A Midland scuba diver with severe decompression sickness was seriously ill in an Egyptian hospital last night, unaware he faces a bill of up to #40,000 because his insurers are refusing to cover his treatment.
Anthony Allen, aged 68, a divorcee from Shirley in Solihull, got "type two bends" - the worst kind - during a dive on Monday in the resort of Marsa Alam where he had been holidaying alone.
Egyptian medical experts say the retired factory manager needs up to three weeks of recompression treatment, six hours a day, costing #344 an hour - a bill his LloydsTSB travel insurance policy will not honour.
The firm said it would not pay up as Mr Allen (pictured) went deeper than the 30-metre limit stipulated in its small print.
Mr Allen's sons said that their father, a highly experienced diver, probably did not know about the limit.
They also said doctors had told them their father's illness was caused by dehydration, and not the depth to which he dived.
Son Chris, aged 26, from Shirley, said: "I would imagine he was unaware of the 30-metre limit on his policy, otherwise he would have got different insurance, but we don't know."
He said his father, who retired as manager of A and D die casting plant in Cannock in 2002, was an advanced open water diver with a licence that allowed him to go far deeper than 30 metres.
He said he and his brother Mark had spoken to their father on the telephone but had deliberately not mentioned the problem with his travel insurance on medical advice.
"We're not mentioning it as stress is very bad for the bends," he said.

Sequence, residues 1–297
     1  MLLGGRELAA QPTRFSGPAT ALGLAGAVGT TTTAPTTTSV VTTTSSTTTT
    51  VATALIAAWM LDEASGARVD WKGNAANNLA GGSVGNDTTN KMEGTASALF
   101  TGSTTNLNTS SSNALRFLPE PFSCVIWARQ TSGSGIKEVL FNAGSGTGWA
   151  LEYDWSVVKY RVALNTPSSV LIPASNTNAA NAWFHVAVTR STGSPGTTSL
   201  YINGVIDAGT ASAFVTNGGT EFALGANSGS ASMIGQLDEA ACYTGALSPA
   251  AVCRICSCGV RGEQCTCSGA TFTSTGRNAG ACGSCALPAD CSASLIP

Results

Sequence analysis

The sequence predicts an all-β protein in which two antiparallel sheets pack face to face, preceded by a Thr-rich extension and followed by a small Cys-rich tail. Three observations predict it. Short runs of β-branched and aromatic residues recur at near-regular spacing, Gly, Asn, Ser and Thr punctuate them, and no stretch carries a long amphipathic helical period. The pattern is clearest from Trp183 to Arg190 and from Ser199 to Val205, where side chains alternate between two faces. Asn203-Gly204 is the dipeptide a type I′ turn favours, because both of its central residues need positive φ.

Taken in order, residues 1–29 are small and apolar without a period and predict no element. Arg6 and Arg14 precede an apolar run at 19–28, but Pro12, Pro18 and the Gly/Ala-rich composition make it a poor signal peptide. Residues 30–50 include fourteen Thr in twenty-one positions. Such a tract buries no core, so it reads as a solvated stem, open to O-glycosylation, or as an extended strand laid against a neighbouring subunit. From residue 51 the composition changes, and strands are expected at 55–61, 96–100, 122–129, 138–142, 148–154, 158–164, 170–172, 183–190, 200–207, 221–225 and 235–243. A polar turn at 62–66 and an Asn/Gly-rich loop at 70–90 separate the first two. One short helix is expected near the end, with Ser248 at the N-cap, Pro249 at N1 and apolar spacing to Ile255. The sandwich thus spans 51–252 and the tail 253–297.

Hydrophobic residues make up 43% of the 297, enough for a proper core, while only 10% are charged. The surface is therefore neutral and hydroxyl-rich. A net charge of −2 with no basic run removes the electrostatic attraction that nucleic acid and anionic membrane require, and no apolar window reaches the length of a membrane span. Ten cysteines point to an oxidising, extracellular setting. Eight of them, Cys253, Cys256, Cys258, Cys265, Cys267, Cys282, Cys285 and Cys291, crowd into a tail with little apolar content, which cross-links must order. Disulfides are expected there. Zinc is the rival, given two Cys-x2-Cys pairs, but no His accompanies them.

His other son Mark, aged 31, a marketing analyst from Swindon, Wiltshire, said Egyptian doctors had told them their father's bends were caused by dehydration.
He said last night: "We are currently trying to get a document from Egypt to give to the insurance company. It explains that my father's illness was caused by dehydration. How deep he went is beside the point.
"We're hoping it will get here by tomorrow morning so they'll reconsider. The fact the claim was just outright rejected without any further investigation is very frustrating. We're trying not to think about what we will do if they don't reconsider. It's quite scary. They could ruin our family.
"We're toying with the idea of going out there to him, because it can't be very nice on his own, but we're worried about the cost."
His partner Laura, aged 31, said: "The trouble with the insurance company is that they said 'no' straight off. It's very upsetting. They should be looking into the cause, asking why he went so deep."
Lorely Burt, the Liberal Democrat MP for Solihull, said Mr Allen had done a "textbook dive with a perfect ascent" but had become ill because of dehydration.
She said a medical report was on its way to the travel insurance firm's underwriters so they could see for themselves.
She added: "Tony's computer shows he acted completely responsibly, coming to the surface in exactly the prescribed manner with staged rests at the appropriate depths.
"He is an experienced diver and I hope they will let fairness, not the small print of the policy, guide their decision. We are hoping LloydsTSB have a sense of fairness and compassion."
LloydsTSB insurance said in a statement: "The terms and conditions of his (Mr Allen's) policy exclude cover for scuba diving beyond a depth of 30 metres. This is a common exclusion in travel insurance policies.
"The tour company which Mr Allen was diving with has confirmed that he reached a depth of 49.5 metres immediately prior to seeking medical assistance.
"We also have confirmation from doctors treating him that his illness is directly related to him participating in a dive to that depth.
"Therefore we are unable to accept this claim. Should any additional medical evidence come to light we would, of course, reassess that situation."
The Foreign Office has been informed by the family about the incident.
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